Ireland today unveiled a 7-member team that will probe the tragic death of an Indian dentist, who was refused termination of her pregnancy despite miscarrying, and promised that the official inquiry would be fair and methodical that will take into account all factors.
The Health Service Executive (HSE) set up the inquiry team to be headed by Dr Sabaratnam Arulkumaran, a London-based obstetrician/gynaecologist, The Irish Times reported.
Savita Halappanavar, 31, died from blood poisoning at University Hospital Galway on October 28 after doctors allegedly refused to perform an abortion stating "this is a Catholic country".
Philip Crowley, HSE's national director of quality and patient safety, said the inquiry would identify all the facts through a fair and methodical investigation and identify any safety issues arising.
He said the investigation would be concluded in "the shortest" possible time and it will be done expeditiously.
Crowley said the inquiry team would be "examining all the factors that may have influenced the death of Mrs Halappanavar... The terms of reference have not been published because we are committed to sharing them with Mr Halappanavar in the first instance and until we do so we will not publish them."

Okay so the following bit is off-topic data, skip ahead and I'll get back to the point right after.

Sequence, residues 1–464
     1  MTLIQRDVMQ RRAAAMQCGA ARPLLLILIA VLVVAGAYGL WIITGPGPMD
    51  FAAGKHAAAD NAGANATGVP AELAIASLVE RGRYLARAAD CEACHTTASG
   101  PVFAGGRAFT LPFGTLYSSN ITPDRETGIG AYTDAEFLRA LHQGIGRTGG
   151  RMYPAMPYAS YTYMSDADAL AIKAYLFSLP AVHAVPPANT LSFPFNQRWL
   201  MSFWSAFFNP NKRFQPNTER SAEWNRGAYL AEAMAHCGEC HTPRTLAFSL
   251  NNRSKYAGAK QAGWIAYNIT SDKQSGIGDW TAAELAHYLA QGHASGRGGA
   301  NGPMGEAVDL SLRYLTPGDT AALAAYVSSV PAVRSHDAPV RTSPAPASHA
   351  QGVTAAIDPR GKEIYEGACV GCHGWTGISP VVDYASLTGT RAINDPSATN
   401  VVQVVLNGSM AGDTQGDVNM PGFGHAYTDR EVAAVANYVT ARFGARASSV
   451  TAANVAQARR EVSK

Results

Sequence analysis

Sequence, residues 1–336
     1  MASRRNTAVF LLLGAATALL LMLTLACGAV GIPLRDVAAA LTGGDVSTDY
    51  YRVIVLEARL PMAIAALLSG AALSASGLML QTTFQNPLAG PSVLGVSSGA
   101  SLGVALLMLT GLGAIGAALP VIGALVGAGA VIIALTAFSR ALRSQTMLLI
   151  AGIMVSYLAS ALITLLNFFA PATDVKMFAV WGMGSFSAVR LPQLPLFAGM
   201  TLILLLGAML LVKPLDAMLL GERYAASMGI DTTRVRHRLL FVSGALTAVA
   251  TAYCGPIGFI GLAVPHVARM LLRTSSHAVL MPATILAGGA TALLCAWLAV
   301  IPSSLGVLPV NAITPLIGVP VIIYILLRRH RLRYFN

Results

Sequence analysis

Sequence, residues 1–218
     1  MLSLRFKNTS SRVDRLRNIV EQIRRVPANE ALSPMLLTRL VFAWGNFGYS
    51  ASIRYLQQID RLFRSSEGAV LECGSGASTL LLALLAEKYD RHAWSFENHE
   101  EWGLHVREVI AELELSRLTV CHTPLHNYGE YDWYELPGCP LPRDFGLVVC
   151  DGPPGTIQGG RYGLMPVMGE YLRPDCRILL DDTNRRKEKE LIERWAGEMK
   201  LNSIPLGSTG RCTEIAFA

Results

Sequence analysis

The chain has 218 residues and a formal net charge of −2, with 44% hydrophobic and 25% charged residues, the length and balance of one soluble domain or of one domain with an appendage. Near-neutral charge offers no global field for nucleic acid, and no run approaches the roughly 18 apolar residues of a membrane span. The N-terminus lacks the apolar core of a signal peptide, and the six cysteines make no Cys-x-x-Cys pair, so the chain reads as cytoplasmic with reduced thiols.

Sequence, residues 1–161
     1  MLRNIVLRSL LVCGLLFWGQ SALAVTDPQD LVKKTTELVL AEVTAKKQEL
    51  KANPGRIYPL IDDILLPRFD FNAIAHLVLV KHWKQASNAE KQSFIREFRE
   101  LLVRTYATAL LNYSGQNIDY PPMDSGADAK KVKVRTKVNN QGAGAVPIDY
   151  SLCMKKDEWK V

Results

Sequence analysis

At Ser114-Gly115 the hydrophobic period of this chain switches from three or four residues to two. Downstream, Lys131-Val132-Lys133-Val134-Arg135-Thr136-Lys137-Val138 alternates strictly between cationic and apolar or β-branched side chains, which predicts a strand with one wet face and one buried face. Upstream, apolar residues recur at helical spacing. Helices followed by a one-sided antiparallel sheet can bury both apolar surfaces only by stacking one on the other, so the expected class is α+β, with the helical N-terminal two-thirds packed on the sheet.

He, however, said there would be no mystery or great surprises in them.
"There is a standard, evidence-based international approach to investigating incidents and severe adverse events and that is the approach we will be taking in this case," said Crowley.
"I am not going to commit to a precise time frame because then the time frame becomes the issue. My interest is that we conduct a thorough, fair, reasonable and detailed analysis of all the events that contributed to this sad event."
Crowley said he did not expect the inquiry would experience any legal impediments. He expressed confidence it would receive full co-operation.
Arulkumaran, the head of obstetrics and gynaecology at St George's Hospital, University of London said the team would over the next three days examine the case notes, look at guidelines and interview the various people involved in the treatment of Savita.
"After that evidence is taken then we will analyse (it) and there might be incidents where we might want to ask